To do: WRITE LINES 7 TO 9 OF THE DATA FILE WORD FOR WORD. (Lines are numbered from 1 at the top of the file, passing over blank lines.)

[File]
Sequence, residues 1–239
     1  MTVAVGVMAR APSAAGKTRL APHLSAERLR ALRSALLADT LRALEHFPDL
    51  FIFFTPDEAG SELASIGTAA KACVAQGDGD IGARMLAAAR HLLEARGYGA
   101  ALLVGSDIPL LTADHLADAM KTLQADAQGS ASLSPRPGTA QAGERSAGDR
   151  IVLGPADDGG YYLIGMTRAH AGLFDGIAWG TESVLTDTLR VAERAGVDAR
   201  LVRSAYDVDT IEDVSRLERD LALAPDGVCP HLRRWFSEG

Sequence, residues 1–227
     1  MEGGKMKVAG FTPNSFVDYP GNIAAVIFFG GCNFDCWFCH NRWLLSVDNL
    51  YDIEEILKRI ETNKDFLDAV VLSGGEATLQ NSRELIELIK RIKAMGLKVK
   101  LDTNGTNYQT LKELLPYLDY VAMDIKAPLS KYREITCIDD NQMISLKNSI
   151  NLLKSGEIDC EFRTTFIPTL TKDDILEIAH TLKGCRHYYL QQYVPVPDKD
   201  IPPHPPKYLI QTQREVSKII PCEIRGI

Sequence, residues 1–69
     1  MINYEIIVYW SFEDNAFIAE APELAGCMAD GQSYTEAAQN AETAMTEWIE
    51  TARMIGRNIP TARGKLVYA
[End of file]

Sequence, residues 1–227
     1  MEGGKMKVAG FTPNSFVDYP GNIAAVIFFG GCNFDCWFCH NRWLLSVDNL
    51  YDIEEILKRI ETNKDFLDAV VLSGGEATLQ NSRELIELIK RIKAMGLKVK